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Enterprise, Cisco and Avaya Execs Take Center Stage at EC

Software Rules
Kicking off Tuesday morning, Enterprise Connect GM and Co-Chair Fred Knight warmly welcomed a packed room of attendees to the End User Summit with a swig of Guinness and good cheer - a fitting welcome for St. Patty's Day.

In his typical style, Fred offered up a few gems of wisdom to start. First, the newly emerging reality is that software rules. Further, if centralized IT does not adapt to the new reality, it is setting itself up for a fall.

"You don't have to be paranoid to be concerned about cyber attacks - you merely have to be conscious," Fred quipped. We are at a time where computer literacy is low and computer lunacy is high, he said. End users want the flexibility to use the applications and tools they like while enterprise IT is resistant to accept the challenges that come with enabling that flexibility.

Joined on stage by five panelists from companies including Marriott International, USAA, and YMCA, much of the discussion focused on the question of whether cloud and newer technologies are replacing traditional enterprise communications architectures. As Bob Galovic, VP of IT Delivery Network Services for Marriott, said, "Our whole IT world is going to the cloud." If that's any indication of the direction we are going, it would appear the answer to the question is, "Yes!" Time will tell.

Living on the Edge with Cisco
Here's one of my favorite quotes from Tuesday's morning keynote by Cisco's Rowan Trollope: "If you're not living on the edge, you're taking up too much space." This really seems to embody the approach Rowan has taken since taking the helm of the company's Collaboration Technology Group as VP and GM a little over two years ago.

Rowan's keynote was chock-full of announcements, updates, and demos - almost too much to fit into a 30-minute presentation. Cisco WebEx use is up 25% year over year, the number of telepresence units sold is up 60%, and total revenue for the collaboration business is up 10%, he said. He breezed through announcements of Cisco's new Context service, which leverages the cloud to deliver omnichannel capabilities, while showing off Cisco's new MX800 dual-screen telepresence system, which he believes will transform the way meetings are done. To better support all that increased video Cisco is expecting, it has updated its infrastructure to increase scalability by up to 500%, he added.

During the keynote Rowan also officially released Cisco's collaboration app - debuted as Project Squared back in November 2014 but now called Cisco Spark.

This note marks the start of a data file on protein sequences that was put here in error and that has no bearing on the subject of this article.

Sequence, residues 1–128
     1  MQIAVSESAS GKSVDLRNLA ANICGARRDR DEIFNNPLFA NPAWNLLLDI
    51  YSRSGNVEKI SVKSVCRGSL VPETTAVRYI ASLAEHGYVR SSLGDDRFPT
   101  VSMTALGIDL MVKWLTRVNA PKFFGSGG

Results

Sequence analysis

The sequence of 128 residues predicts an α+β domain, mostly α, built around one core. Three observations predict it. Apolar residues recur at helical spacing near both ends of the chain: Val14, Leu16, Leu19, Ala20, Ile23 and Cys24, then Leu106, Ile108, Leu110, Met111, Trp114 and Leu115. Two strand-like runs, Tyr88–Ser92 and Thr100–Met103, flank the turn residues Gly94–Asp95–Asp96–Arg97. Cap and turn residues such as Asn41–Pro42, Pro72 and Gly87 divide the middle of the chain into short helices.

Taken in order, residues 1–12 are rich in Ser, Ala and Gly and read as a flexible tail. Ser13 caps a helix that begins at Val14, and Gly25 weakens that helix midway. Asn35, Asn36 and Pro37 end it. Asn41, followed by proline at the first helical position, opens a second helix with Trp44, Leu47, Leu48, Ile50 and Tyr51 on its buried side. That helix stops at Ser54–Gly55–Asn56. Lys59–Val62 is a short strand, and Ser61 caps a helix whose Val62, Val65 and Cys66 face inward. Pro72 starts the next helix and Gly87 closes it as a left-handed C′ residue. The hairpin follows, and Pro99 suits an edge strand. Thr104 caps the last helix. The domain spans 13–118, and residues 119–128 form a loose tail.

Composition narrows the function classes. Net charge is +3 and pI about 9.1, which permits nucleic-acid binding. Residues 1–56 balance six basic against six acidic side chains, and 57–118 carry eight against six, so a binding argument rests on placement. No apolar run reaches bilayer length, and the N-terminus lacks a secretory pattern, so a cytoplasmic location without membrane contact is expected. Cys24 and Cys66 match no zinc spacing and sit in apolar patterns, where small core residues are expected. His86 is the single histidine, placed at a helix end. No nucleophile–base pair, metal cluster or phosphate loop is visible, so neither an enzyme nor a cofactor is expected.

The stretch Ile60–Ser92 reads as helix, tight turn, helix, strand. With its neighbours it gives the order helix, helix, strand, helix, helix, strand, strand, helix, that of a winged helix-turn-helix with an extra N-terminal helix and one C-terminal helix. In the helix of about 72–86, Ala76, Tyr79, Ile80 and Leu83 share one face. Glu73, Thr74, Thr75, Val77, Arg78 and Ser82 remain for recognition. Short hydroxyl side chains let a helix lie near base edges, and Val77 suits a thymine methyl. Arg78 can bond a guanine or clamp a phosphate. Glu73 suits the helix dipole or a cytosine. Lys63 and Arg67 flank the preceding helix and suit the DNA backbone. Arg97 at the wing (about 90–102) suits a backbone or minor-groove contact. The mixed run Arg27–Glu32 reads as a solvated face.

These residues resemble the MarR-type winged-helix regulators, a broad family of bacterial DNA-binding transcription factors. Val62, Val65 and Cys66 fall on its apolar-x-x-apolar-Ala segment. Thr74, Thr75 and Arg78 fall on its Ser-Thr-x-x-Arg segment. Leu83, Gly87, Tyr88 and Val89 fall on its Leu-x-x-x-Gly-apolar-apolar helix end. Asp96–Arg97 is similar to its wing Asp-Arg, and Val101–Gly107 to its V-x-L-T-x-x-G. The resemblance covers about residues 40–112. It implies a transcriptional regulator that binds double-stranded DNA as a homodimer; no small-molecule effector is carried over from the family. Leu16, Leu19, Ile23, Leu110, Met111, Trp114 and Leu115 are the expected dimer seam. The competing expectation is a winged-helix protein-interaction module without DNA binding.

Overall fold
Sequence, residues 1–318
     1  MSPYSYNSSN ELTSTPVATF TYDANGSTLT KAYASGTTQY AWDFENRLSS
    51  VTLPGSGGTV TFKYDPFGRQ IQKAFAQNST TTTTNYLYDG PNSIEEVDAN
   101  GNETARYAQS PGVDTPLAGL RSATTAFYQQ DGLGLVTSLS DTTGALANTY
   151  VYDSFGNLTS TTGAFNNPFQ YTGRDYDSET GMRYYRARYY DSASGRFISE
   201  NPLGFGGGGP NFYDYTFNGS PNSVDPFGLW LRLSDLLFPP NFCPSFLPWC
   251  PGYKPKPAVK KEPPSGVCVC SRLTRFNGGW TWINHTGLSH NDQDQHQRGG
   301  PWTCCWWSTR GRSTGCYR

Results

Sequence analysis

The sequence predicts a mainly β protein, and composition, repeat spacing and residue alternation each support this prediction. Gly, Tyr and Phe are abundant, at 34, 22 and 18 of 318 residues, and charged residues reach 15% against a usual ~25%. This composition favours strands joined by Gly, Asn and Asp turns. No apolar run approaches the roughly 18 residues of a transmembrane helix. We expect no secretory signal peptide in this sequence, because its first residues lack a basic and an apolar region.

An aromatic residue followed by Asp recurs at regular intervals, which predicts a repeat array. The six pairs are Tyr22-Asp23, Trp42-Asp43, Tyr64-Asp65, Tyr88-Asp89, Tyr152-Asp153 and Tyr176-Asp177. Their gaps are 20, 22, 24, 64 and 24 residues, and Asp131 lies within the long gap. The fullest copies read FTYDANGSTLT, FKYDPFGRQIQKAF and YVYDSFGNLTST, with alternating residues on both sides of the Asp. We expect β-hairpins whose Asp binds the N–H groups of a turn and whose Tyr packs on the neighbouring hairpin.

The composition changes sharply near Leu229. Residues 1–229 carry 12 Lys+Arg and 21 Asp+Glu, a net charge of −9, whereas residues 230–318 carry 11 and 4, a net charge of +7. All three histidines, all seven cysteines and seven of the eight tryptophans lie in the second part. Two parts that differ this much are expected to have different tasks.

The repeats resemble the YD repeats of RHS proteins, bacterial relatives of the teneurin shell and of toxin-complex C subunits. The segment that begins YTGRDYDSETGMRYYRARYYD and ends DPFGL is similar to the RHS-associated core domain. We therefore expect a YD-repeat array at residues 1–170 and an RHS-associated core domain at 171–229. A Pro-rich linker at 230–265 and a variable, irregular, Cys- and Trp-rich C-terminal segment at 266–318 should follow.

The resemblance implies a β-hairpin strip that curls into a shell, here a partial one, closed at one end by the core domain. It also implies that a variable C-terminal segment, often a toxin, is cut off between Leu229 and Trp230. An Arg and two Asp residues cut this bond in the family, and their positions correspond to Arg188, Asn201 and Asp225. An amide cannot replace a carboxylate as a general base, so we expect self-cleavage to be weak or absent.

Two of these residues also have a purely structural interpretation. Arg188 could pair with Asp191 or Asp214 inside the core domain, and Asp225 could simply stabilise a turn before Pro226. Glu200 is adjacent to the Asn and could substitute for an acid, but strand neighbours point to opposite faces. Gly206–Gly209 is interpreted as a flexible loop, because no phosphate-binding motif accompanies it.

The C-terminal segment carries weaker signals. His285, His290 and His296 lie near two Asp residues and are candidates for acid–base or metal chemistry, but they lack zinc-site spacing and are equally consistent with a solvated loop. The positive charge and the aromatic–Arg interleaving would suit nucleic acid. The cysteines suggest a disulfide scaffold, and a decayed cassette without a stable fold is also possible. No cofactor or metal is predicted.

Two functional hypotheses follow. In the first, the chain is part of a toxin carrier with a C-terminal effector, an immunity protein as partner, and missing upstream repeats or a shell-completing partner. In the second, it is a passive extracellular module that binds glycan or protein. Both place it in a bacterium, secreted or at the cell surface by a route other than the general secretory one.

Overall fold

He focused mostly on the company's concept of "making collaboration simple," which he says is done by delivering a technology that users love. He gave a great deal of attention to user experience, with Rowan giving out his personal email to emphasize how important it is to the company to gain user feedback - because as he said, "it's feedback from all the people like you that have really helped us figure out where we're going."

Avaya: The Clock Is Ticking
Gary Barnett, Avaya's SVP and GM for Engagement Solutions, started his keynote presentation with the sound of a clock. "Can you hear the clock ticking?" he asked. He noted that today's businesses are in crisis, whether they know it or not. Noting that for many businesses, the crisis is meeting customer expectations, and the enterprise is in a race to keep up.

Barnett focused his keynote on the importance of engaging with customers. The big announcement came when Google exec Murali Sitaram joined him on stage to discuss the expansion of its partnership to a service, Customer Engagement OnAvaya Powered by the Google Cloud Platform. This enables the full contact center to be up in the Google cloud, and through Avaya distribution, Chromebooks will be delivered that come with everything administrators, agents, and supervisors need to open the box and simply use it. It doesn't get much easier than that.

Gary predicted a number of things moving forward. First, video will be the new standard and we will see it everywhere, embedded into virtually every application. There will be no more hard-coded apps, as we see a shift to a focus on development platforms. This means platforms will need to be able to support extensive and rapid development, and deployment will need to happen at the "speed of need." Finally, convergence-enabled engagement will be everywhere, Gary concluded. With its Google partnership, Avaya is on pace to meet the reality of these predictions.

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